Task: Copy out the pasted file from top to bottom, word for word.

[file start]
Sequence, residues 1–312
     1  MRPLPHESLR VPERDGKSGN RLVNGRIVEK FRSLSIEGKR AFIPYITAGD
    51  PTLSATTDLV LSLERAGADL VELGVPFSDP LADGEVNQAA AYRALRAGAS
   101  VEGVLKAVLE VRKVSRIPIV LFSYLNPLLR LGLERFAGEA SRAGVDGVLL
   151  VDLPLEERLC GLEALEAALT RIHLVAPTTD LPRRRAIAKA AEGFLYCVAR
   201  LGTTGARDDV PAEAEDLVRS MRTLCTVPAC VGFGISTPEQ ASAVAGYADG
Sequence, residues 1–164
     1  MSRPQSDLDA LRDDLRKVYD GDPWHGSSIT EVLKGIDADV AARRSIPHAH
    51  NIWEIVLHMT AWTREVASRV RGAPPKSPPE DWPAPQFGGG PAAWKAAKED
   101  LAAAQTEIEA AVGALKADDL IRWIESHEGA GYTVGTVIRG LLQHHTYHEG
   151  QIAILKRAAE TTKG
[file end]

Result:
Sequence, residues 1–312
     1  MRPLPHESLR VPERDGKSGN RLVNGRIVEK FRSLSIEGKR AFIPYITAGD
    51  PTLSATTDLV LSLERAGADL VELGVPFSDP LADGEVNQAA AYRALRAGAS
   101  VEGVLKAVLE VRKVSRIPIV LFSYLNPLLR LGLERFAGEA SRAGVDGVLL
   151  VDLPLEERLC GLEALEAALT RIHLVAPTTD LPRRRAIAKA AEGFLYCVAR
   201  LGTTGARDDV PAEAEDLVRS MRTLCTVPAC VGFGISTPEQ ASAVAGYADG
Sequence, residues 1–164
     1  MSRPQSDLDA LRDDLRKVYD GDPWHGSSIT EVLKGIDADV AARRSIPHAH
    51  NIWEIVLHMT AWTREVASRV RGAPPKSPPE DWPAPQFGGG PAAWKAAKED
   101  LAAAQTEIEA AVGALKADDL IRWIESHEGA GYTVGTVIRG LLQHHTYHEG
   151  QIAILKRAAE TTKG